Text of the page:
“The Miracle Foundation proves that one person can make a difference,” said Shelley Seale, donor. “I have witnessed first-hand what my monthly donation can do to change the lives of many. I’ve traveled to India and visited the orphanages and have seen the difference my investment makes in orphans’ lives. We are empowering children to be the best that they can be.”
The Miracle Foundation has been honored with the highest possible rating of four stars by Charity Navigator, an independent organization that evaluates U.S. charities’ effectiveness and financial transparency:
For more information, please visit www.miraclefoundation.org.
About The Miracle Foundation
The Miracle Foundation is an Austin, TX-based 501(c)(3) non-profit organization that transforms the lives of orphan children and empowers them to reach their full potential by revolutionizing the way orphanages are run, funded and managed. Launched on Mother’s Day in 2000, The Miracle Foundation partners with existing orphanages to implement its proven and systematic method that turns struggling, institutional orphanages into stable, loving, nurturing homes where children can thrive and truly change the story of their lives. The organization is implementing a world-changing idea for orphans everywhere, centered on its “12 rights of an orphan child” philosophy. Currently, the Miracle Foundation supports eleven orphanages in rural India, with plans to be in more by the end of 2015
Devastating chytrid fungus responsible for massive declines of amphibian populations around the world is found on isolated Madagascar
New research, published today (26/02/2015) in Scientific Reports, by a team of international scientists including the Zoological Society of London (ZSL) and Imperial College London, document the presence of a potentially devastating amphibian pathogen in Madagascar, an island previously thought to be free of infection. Conservationists are concerned that in Madagascar, home to around four percent of the world’s amphibian species, the fungus could devastate worldwide amphibian diversity.
An international team of researchers screened more than 4,100 frogs across Madagascar and found Batrachochytrium dendrobatidis (Bd), a type of chytrid fungus that has been responsible for wiping out amphibian species in the wild, such as the Mountain Chicken frog from Dominica, in five remote areas of Madagascar.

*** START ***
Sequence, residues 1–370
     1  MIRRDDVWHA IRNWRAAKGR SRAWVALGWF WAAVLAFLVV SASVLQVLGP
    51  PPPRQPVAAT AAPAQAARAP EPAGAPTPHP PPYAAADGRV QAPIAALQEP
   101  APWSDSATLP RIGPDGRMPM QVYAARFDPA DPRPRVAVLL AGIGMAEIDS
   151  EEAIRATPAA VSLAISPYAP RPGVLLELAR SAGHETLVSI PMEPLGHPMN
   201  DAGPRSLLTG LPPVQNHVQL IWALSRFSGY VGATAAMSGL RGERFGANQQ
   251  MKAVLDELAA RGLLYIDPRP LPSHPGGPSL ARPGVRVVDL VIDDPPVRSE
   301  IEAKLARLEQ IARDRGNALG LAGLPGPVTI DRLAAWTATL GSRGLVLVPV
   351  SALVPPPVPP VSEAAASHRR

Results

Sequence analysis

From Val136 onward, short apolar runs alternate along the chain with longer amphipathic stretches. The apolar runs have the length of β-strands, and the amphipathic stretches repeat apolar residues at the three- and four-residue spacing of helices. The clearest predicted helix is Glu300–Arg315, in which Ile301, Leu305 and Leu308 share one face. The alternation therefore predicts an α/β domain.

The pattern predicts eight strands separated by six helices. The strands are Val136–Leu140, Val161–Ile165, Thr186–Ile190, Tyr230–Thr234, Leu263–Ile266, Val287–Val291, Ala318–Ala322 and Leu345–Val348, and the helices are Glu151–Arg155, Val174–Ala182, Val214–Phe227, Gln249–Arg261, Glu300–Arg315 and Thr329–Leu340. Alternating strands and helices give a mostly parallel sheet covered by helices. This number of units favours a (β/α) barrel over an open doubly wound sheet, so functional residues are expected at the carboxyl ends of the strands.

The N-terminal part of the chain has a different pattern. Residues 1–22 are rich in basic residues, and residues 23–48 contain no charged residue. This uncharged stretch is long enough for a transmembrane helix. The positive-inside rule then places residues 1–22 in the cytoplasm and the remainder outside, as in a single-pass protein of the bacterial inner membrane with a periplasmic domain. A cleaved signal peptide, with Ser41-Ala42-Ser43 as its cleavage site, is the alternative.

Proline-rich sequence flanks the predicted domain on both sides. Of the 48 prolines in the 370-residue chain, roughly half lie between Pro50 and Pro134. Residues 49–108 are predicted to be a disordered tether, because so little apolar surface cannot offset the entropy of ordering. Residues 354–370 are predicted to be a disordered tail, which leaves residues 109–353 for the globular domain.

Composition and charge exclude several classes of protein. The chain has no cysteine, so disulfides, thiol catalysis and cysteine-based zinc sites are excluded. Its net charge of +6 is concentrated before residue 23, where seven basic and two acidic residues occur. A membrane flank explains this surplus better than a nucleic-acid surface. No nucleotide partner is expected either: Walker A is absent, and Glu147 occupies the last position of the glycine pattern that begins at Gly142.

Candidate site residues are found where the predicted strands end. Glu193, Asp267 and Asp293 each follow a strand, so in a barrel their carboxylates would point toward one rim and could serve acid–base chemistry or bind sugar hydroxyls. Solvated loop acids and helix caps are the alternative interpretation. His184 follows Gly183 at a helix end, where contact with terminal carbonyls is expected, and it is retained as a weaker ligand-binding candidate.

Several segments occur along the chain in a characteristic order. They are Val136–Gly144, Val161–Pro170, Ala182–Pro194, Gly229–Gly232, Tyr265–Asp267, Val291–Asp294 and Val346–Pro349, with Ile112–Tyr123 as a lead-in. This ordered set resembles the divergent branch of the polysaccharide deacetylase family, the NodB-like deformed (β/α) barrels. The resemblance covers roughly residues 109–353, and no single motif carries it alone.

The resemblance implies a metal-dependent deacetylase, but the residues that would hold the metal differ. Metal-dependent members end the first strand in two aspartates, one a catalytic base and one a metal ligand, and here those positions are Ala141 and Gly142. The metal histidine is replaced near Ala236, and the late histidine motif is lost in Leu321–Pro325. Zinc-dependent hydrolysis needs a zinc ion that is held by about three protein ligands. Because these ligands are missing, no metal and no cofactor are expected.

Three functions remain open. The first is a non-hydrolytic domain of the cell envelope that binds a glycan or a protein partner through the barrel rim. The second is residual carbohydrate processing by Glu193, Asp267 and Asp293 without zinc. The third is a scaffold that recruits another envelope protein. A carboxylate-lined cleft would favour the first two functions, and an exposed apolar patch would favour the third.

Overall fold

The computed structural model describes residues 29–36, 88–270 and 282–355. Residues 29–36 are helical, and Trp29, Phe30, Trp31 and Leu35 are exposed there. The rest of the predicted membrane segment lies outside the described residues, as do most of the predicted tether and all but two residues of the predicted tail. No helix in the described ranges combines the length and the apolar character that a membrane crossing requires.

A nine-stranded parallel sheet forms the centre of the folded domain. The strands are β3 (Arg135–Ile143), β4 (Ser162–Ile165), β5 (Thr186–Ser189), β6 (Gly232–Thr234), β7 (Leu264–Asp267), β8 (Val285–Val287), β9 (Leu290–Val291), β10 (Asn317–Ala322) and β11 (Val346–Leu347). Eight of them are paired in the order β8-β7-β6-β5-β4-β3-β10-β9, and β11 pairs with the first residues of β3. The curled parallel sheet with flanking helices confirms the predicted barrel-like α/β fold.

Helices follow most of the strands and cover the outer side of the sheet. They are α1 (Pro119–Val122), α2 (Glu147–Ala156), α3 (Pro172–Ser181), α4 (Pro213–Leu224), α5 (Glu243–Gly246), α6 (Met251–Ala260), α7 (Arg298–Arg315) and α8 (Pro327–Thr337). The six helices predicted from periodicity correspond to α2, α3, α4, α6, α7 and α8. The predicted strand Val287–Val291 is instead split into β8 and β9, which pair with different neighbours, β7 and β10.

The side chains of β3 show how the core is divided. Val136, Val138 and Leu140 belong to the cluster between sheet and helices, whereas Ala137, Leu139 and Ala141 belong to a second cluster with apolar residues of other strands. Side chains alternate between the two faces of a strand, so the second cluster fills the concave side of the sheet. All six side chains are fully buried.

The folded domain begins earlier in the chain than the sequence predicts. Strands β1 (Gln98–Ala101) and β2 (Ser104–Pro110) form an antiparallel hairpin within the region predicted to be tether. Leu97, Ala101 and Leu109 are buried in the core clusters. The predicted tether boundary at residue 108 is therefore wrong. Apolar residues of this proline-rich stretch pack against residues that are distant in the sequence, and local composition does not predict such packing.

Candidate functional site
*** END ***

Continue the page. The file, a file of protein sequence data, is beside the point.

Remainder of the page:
With an estimated 500 species of frogs at risk, nearly all of them exclusive to Madagascar, ZSL scientists are researching the origin of the fungus in the island and how it affects its unique inhabitants.
Gonçalo M. Rosa, co-author and researcher at ZSL, said: “For several years Madagascar was thought to be a chytrid-free area, but these findings may suggest that the fungus has been present for a while and not exclusively as a result of recent introduction, as we have seen in places such as Europe or Montserrat.
“We are still trying to figure out whether these findings could be as devastating to Madagascan amphibians as it has been in other regions, or if they have been living with the fungus for years. This would be a more optimistic scenario.”
Professor Matthew Fisher, from the School of Public Health at Imperial College London, is currently working on determining whether the fungus they have detected belongs to the same deadly lineage that is threatening to cause the loss of more than one third of the planet’s amphibians.
“Our initial results show that the type of Bd on Madagascar is very similar to the deadly lineage that has emerged worldwide, but more work needs to be done to confirm this finding,” said Professor Fisher, who co-authored the paper.
Rosa adds: “ZSL is actively researching how to mitigate the impact of Bd. It’s essential to take the lessons learned from other places that have been severely affected by this pathogen in order to help us safeguard the future of Madagascan amphibians.”
Chytrid fungus has already caused severe decline in amphibian populations across America, Australia, Europe and east Africa. Infection by Bd fungus causes the disease chytridiomycosis that affects keratin levels in amphibians’ outer skin layers, making them thick and unable to hydrate or absorb essential minerals, and results in death.
SDSU offers the following statement regarding that meeting:
“San Diego State University appreciates the opportunity to participate in the planning process for a new stadium. As we continue our efforts to become one of our nation’s top 50 public universities, the development of our athletic programs, including our football program, remains a critical priority. These co-curricular programs complement and support the strong academic programs that are the core of our university. Today, we expressed our eagerness to participate fully in a stadium partnership that will retain the Chargers in San Diego and advance our region. We look forward to continued discussions regarding this important initiative.”
About San Diego State University
San Diego State University is a major public research institution offering bachelor’s degrees in 91 areas, master’s degrees in 78 areas and doctorates in 22 areas. The university provides transformative experiences, both inside and outside of the classroom, for its 35,000 students. Students participate in research, international experiences, sustainability and entrepreneurship initiatives, and a broad range of student life and leadership opportunities. The university’s rich campus life features opportunities for students to participate in, and engage with, the creative and performing arts, a Division I athletics program and the vibrant cultural life of the San Diego region. For more information, visit www.sdsu.edu.